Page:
This will be the first of a few brief posts on keeping healthy while wandering strange lands. The current concern about the spread of the Zika virus was my trigger. I hope these simple ideas help somebody enjoy their travels without fear of being infected by one of the many terrible diseases transmitted via mosquitoes.
I am not a doctor, just a traveller. If in doubt about anything I write discuss it with your doctor before acting.
While sitting in a doctor's office in shock after hearing the word "leukaemia" in early 2002 I was already making my bucket list. I had been brought up to live frugally and spend responsibly, always saving for a rainy day. I had put off my urge to travel the world but now I reckoned the rain was coming down in buckets. I started planning my first 'round the world trip at in that office.
I discovered swiftly I had a new problem apart from finances. I now had a flawed immune system. That meant world travel, exposing myself to foreign bugs and diseases, was rather unwise in the doctor's opinion. I decided that was a risk worth taking, but I also decided to use a bit of common sense.
After wandering through more than 50 countries since that day including regions with lots of mosquitoes such as South America, South East Asia, China, India, Egypt and Yucatan I have not caught anything worse than the occasional cold or Delhi Belly. I tend to believe my OCD methods for mosquito protection are a significant part of the reason for my good health.
On my earliest trips I asked my doctor to prescribe Malarone. Eventually I discontinued that medication because I am aware of the possible nasty side effects and, although effective for malaria, Malarone would not have helped against other mosquito vector diseases such as these:
Ross River Virus
West Nile Virus
That is not an exhaustive list. There are many other mosquito vector diseases, some unique to certain countries.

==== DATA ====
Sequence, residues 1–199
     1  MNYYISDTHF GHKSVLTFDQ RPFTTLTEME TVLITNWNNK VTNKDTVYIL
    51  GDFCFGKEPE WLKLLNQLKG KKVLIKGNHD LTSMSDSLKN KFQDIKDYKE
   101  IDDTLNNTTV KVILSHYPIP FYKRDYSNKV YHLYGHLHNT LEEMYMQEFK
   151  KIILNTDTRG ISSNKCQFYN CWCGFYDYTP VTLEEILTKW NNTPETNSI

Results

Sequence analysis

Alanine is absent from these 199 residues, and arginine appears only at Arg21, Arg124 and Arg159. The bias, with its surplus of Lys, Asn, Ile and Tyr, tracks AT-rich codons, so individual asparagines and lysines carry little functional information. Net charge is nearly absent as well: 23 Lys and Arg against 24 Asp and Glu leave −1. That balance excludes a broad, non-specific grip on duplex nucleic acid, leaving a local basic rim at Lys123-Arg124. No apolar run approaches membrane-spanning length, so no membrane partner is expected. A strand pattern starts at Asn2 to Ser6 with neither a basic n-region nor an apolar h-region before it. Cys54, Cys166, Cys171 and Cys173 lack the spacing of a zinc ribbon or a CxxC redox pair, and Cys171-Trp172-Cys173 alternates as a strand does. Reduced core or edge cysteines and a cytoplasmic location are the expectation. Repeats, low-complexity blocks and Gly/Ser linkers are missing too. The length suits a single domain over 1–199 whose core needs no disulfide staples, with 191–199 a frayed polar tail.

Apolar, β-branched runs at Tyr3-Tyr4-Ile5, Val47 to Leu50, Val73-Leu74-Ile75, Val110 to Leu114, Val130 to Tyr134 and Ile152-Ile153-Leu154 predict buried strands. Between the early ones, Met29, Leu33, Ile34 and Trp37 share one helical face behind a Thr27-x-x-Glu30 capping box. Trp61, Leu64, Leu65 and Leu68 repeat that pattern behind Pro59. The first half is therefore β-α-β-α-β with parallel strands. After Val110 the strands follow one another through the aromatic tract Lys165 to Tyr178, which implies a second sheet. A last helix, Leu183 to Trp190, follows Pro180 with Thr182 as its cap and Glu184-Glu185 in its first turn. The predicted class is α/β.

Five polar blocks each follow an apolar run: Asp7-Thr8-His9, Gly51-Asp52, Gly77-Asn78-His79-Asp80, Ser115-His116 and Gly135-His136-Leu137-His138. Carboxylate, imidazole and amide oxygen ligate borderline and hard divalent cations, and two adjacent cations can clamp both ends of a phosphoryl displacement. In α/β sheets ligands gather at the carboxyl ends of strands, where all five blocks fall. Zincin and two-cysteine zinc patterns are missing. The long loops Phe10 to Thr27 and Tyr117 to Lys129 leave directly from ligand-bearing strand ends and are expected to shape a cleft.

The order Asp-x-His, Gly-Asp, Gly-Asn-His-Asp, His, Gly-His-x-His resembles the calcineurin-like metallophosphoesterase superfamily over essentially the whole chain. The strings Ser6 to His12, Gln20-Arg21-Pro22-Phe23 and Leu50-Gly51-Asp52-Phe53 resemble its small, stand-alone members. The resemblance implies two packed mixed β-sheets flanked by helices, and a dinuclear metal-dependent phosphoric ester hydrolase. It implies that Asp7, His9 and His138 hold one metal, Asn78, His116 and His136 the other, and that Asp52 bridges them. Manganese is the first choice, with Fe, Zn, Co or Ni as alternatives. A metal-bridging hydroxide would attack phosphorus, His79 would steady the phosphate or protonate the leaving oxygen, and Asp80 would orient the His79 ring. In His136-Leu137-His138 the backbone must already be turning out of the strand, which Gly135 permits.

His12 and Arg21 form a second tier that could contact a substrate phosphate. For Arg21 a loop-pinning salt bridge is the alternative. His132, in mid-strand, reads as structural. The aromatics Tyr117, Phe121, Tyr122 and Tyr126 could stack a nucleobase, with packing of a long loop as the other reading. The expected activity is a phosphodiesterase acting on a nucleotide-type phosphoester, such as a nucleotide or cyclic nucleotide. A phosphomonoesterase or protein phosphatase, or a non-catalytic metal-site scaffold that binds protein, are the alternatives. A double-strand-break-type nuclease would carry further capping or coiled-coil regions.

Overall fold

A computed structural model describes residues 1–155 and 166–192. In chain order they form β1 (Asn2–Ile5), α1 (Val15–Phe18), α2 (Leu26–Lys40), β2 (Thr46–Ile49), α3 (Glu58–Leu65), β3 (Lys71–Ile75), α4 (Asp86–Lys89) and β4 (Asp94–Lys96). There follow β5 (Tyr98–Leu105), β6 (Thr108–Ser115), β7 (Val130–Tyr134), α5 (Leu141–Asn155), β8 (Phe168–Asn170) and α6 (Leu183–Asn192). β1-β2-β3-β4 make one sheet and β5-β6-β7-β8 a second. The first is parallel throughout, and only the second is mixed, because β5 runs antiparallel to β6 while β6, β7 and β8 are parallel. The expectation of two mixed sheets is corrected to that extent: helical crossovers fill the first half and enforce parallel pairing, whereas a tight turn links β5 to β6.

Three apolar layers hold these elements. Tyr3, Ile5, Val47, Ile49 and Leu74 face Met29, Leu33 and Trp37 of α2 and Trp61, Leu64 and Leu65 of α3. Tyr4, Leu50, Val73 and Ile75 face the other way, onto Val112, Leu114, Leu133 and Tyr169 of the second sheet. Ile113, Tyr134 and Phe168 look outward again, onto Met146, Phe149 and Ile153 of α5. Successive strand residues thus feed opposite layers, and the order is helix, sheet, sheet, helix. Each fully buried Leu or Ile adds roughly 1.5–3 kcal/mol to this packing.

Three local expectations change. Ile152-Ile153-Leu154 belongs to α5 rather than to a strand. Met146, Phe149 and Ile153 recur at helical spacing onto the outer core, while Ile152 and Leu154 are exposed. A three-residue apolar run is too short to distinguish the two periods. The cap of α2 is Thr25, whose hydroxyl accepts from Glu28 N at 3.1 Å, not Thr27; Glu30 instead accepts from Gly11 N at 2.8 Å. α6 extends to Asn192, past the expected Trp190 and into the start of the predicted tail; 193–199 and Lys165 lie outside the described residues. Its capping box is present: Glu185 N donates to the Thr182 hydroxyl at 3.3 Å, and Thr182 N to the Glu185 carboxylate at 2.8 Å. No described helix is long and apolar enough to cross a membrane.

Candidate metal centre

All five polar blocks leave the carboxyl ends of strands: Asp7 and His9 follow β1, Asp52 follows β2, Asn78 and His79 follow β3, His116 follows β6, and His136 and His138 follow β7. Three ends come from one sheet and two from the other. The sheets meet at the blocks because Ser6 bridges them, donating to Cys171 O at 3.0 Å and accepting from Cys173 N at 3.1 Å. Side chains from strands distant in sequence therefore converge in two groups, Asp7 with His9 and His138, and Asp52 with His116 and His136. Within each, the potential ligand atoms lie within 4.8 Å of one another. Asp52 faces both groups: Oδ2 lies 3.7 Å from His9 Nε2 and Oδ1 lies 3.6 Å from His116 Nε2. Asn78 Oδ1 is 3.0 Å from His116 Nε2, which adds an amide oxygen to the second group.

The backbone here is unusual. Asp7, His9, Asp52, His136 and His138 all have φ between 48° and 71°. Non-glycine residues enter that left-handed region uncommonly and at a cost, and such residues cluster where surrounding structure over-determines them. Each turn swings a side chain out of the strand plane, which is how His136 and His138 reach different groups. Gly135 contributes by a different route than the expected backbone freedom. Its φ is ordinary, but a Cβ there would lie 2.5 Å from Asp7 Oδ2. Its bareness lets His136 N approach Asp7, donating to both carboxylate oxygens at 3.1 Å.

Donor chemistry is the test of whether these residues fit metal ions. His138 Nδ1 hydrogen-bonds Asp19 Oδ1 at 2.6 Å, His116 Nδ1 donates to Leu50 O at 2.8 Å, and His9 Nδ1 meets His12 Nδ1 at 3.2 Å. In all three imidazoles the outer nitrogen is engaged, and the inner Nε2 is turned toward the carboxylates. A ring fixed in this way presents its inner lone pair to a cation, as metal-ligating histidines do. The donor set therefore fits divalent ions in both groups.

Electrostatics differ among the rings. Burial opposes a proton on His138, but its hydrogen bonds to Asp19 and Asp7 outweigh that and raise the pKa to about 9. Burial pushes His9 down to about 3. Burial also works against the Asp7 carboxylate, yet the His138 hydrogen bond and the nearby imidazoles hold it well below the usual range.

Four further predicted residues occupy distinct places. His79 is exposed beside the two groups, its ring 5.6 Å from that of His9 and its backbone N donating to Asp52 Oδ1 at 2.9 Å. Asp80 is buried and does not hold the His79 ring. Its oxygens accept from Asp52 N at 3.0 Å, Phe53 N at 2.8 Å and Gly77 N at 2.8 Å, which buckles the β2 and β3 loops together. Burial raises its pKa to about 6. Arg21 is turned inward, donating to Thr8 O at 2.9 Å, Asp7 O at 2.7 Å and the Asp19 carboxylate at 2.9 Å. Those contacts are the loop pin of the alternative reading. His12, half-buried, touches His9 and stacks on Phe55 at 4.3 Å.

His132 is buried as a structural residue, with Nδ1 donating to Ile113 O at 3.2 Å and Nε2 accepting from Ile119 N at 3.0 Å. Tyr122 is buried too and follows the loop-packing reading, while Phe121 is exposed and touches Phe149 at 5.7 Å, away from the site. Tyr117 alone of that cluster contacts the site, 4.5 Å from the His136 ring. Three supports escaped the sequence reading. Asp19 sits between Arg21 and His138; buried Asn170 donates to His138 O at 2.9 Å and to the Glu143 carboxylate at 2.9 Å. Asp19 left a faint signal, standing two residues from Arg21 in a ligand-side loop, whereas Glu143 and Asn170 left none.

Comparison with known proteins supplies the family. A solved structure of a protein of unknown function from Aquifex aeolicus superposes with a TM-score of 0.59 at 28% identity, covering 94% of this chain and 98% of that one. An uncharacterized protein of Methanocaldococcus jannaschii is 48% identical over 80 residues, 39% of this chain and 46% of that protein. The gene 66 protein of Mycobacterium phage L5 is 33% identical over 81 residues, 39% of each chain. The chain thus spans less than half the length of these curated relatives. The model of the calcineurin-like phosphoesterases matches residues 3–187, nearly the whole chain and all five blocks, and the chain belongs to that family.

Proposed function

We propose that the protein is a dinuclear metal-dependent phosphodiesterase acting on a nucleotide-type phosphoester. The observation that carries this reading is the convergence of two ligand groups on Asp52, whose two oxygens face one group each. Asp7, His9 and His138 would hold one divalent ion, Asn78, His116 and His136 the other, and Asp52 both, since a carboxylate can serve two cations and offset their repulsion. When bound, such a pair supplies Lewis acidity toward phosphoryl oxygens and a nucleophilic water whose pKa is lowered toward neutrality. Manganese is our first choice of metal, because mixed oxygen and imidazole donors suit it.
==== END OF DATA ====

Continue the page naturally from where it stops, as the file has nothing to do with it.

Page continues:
For that reason I have developed some standard habits in regions where mosquitoes are a problem. These may seem over-the-top to some, but they have worked very effectively for me.
- After my morning shower I apply a light skin lotion as a base. Over that, if appropriate to the climate, I apply a sunblock. I finish with a light coating of 80% DEET to all exposed areas, including at least the face, back of the neck, ears, ankles and scalp. That strength of DEET is effective but can also cause skin problems. Applying the skin lotion first allows a more even spread of a thin layer and minimises the side effects.
- If necessary I repeat the lotion and DEET applications if I have been for a swim or have another shower later in the day.
- I wear a hat or cap (I am bald, with an excellent landing strip for unseen mosquitoes), long-sleeved shirts and long trousers at dawn and dusk, with as little skin left exposed as is reasonably possible. My clothing is lightweight in the tropics, but not so light that mosquitoes can drill through it.
- I make sure that there are no mosquitoes in the rooms I stay in and demand insect spray from the proprietors if necessary. I usually have it with me as insect spray is one of the first things I buy in a new country on arrival.
That may seem like a lot of messing about, but it adds only five minutes to my morning routine and lets me wander mosquito regions with confidence. Of course, there are no guarantees. It only needs one mosquito to get through my defences to infect me but that is a risk I have accepted. You must make your own decisions.
Some practical points. Although some airlines allow aerosols on board these days I have found some do not. For that reason I use a DEET gel and buy it in tubes of less than 100gm to be sure I have no problems with airport security. I use Bushman's 80% DEET but any equivalent would do the job. Similarly, if you prefer an aerosol it is better to buy a local insect aerosol on arrival in a country than to try to get one through airport security.
I have also found it wise to look for air-conditioned rooms in tropical countries, not just for the comfort of a cool night's sleep, but because many hostels and hotels in those regions do not have fly screens on the windows. Leaving the window open for night breezes in a room without air-conditioning also provides access for mosquitoes while you sleep.
Enjoy your travels in good health.